Bitcoin is a “combination of a bubble, a Ponzi scheme and an environmental disaster,” a top central-banking official recently cautioned, referring to the large amount of electricity needed to create bitcoin.
You don’t have to tell that to the residents in Wenatchee, Washington, where a bitcoin invasion is under way. Why? Because the electricity is cheap.
“Home to hydroelectric dams that harness the flow of the Columbia River, north central Washington has some of the cheapest power in the U.S. That has made the largely rural area best known for its apple orchards a magnet for bitcoin miners, who use powerful specialized computers to generate new units of cryptocurrencies—a process that requires vast amounts of electricity to run and cool thousands of machines,” reports the WSJ.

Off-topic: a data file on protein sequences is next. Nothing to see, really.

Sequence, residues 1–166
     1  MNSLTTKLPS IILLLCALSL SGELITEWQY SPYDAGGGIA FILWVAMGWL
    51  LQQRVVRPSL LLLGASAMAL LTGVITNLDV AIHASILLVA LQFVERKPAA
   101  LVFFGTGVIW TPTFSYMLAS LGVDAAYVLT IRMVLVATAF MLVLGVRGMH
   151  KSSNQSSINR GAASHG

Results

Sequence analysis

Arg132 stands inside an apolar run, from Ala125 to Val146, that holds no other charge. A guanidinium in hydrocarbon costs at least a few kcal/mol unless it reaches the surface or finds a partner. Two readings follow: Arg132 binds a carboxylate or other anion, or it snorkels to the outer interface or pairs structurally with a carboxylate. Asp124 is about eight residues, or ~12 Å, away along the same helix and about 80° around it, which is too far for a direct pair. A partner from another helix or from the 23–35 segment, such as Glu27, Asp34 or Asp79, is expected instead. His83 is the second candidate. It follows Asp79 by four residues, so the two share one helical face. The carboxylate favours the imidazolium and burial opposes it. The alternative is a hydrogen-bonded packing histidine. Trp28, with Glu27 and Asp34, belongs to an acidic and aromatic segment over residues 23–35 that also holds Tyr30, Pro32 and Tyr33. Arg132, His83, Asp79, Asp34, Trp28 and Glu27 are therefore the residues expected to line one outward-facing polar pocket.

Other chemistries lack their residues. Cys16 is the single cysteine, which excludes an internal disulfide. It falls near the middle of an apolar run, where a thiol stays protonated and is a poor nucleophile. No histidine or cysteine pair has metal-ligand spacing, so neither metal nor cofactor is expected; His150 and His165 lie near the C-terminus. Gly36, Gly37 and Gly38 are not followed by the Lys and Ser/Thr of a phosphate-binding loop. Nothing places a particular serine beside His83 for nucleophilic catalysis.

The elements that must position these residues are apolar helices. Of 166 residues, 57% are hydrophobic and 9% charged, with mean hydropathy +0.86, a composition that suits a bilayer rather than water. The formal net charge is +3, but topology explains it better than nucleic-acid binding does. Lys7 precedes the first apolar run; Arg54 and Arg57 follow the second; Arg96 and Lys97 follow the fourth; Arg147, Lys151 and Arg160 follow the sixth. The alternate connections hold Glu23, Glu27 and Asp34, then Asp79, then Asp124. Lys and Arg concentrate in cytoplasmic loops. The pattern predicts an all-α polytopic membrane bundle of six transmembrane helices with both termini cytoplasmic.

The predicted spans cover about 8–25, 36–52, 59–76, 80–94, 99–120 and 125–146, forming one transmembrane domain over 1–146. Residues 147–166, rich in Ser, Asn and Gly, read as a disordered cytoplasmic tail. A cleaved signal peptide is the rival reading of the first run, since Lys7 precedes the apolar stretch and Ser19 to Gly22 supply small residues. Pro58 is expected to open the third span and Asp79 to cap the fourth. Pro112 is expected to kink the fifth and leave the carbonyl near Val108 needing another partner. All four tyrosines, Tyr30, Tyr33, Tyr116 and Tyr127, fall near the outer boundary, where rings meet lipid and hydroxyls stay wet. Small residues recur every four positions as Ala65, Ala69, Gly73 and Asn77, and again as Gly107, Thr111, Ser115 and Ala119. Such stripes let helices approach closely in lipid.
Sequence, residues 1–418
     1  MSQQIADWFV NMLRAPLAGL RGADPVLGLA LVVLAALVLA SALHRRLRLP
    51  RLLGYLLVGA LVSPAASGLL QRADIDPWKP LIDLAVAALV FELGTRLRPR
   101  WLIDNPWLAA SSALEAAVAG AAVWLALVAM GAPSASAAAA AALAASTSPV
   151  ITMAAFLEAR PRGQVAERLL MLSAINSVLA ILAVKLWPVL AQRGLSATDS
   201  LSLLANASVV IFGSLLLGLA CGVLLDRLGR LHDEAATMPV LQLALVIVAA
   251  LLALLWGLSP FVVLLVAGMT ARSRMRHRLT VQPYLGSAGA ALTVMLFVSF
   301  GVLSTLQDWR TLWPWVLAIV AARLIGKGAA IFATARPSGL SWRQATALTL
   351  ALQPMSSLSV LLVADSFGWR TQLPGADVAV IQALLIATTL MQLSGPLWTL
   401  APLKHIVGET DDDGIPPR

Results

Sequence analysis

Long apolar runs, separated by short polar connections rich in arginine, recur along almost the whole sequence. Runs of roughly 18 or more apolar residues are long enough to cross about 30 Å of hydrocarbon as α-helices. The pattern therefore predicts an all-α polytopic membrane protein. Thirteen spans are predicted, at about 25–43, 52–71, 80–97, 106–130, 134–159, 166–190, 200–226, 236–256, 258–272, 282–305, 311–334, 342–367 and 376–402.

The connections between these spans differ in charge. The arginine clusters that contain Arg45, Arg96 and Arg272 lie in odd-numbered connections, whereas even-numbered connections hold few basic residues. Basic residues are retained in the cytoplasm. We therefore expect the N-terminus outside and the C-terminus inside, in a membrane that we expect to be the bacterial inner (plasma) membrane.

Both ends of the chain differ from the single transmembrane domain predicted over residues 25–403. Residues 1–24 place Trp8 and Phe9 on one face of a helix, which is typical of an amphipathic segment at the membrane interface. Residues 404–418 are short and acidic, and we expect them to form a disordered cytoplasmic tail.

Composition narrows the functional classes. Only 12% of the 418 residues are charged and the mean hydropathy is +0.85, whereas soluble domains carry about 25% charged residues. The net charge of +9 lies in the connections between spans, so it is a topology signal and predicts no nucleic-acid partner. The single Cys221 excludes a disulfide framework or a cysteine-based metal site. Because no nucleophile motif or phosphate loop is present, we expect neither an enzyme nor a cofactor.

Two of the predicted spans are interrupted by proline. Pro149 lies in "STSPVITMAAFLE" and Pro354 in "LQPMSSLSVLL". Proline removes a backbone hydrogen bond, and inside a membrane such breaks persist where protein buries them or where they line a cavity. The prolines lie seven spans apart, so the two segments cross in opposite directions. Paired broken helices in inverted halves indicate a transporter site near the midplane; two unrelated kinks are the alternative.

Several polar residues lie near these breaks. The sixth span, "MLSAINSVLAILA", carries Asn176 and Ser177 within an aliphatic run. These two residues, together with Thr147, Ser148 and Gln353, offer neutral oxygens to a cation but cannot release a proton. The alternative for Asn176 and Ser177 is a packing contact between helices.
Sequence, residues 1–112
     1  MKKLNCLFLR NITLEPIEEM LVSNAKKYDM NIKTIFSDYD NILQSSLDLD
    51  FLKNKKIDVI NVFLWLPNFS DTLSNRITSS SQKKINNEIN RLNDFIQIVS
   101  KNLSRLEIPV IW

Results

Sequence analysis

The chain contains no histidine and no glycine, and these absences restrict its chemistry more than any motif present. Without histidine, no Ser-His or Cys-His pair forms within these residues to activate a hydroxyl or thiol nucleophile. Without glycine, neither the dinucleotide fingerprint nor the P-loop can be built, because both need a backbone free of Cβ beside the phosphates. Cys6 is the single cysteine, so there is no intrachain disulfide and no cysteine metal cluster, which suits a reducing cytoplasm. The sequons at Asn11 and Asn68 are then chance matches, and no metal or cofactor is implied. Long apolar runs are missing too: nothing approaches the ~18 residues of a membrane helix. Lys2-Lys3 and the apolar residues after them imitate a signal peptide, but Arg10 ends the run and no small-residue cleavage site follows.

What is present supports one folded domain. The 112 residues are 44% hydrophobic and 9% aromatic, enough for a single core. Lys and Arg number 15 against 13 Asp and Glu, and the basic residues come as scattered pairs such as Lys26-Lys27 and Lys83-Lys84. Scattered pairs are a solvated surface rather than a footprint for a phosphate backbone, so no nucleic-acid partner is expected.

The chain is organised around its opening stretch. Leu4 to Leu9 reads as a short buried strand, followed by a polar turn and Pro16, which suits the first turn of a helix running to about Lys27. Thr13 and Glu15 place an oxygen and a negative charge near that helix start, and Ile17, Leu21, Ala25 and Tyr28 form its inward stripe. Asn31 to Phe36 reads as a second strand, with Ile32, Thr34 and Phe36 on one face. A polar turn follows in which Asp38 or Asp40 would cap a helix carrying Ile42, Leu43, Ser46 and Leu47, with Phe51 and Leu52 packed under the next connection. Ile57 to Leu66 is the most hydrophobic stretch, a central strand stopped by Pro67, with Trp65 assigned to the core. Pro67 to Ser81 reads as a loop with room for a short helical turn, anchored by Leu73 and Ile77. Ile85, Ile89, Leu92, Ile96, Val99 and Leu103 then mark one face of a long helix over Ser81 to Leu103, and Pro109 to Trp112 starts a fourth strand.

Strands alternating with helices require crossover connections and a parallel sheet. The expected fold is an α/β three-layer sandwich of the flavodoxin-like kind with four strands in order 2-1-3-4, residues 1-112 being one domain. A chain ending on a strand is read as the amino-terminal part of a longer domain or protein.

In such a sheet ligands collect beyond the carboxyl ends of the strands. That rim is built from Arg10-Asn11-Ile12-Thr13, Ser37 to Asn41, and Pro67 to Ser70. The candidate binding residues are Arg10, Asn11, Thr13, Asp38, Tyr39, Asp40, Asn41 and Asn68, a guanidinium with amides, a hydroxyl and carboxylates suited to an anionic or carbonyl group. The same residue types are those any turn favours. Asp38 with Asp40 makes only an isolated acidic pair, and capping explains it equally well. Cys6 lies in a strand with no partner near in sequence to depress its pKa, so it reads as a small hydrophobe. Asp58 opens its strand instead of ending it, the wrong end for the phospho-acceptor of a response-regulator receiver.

How much power does a cryptocurrency mining operation require?
“Mining operations can squeeze into small spaces. Shoebox-size computer servers that suck up as much power as roughly 1,000 homes can be packed into a 25-by-25-foot room. Miners have popped up in unexpected places in the area: an old laundromat, a former fruit-packing warehouse, apartments, and even free-standing cargo containers,” according to the WSJ.
Sounds like a waste of utility customers’ money to me.